How it went down by Kekla Magoon: This is such a pertinent story at this moment in time. Sixteen-year-old Tariq Johnson dies from two gunshot wounds. Tariq was black. The shooter, Jack Franklin, is white. No one seems to know exactly what was going on and everything has the need to share what they thing went down (there are more than 15 different ‘voices’ in the book). As I said, this book is every so important right now, but as a book, I felt it could have been ‘tighter’: some voices are indistinguishable, which (again) drags out the story a little bit. (***)

Top picks

The next two – although also standalones – deserve their own category:2015-04-01 16.00.31

We all looked up by Tommy Wallach: It’s not often I read a blurb and then read the book and I feel the blurb is *exactly* what the book is like, but in this case it is: “This Generation’s The Stand… at once troubling, uplifting, scary and heart-wrenching.”
Also, The Stand was one of my favorite books when I was the age of the characters in this book and often when a books is likened to The Stand, it ends up being a disappointment afterwards, or worse the book is dragged out over 2 or 3 or more books. But We All Looked Up definitely wasn’t a disappointment: a good story, great characters, drive, action, feelings, totally unpretentious writing… a “real book”, you know… Loved it! (*****)

I’ll give you the sun by Jandy Nelson made me miss my metro stop. That’s always a good thing… The writing is gorgeous, there was a great interplay between the words and the artwork (I read the UK edition). This definitely deserved all the accolades it got. It also got a (quick) translation to Dutch, but it doesn’t have any artwork, which is a pity. (*****)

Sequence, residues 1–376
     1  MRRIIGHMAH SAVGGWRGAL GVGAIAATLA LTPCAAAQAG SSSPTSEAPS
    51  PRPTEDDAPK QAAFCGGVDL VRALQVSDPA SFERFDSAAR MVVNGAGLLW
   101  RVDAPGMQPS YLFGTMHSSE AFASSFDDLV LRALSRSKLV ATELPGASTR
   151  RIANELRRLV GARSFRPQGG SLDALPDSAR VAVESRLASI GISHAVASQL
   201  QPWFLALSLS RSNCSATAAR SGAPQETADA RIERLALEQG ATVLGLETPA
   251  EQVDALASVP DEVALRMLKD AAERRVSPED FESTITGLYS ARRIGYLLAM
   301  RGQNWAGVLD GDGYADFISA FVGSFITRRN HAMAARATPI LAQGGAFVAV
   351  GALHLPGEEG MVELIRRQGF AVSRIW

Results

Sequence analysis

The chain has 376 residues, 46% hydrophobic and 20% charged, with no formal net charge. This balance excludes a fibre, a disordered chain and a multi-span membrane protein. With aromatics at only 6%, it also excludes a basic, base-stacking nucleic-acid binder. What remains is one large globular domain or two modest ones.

On the surface We all looked up and I’ll give you the sun have nothing whatsoever in common, but they both made me fall in love with reading all over again. Both of these books have the capacity of making you forget about time and the world around you. The reading pleasure was high for me in these two books. And isn’t that why we read: to feel?

 

 

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Exam reads: one pass, one fail.

22 06 2014

My life next door (by Huntley Fitzpatrick)

Despite the butt-ugly cover (yes I am a sucker for good covers and this one is just too cheesy!), I liked this book quite a bit. It’s what one would call “a beach read” but in the best Sarah Dessen sense of the word: well-plotted, good characterization (protagonist Sam as well as the love interest Jase and his entire family), a summer romance, an all around satisfying contemporary read by an author who takes her time to tell a story. I like that. If this is what my summer will be like, reading-wise, I am a happy camper!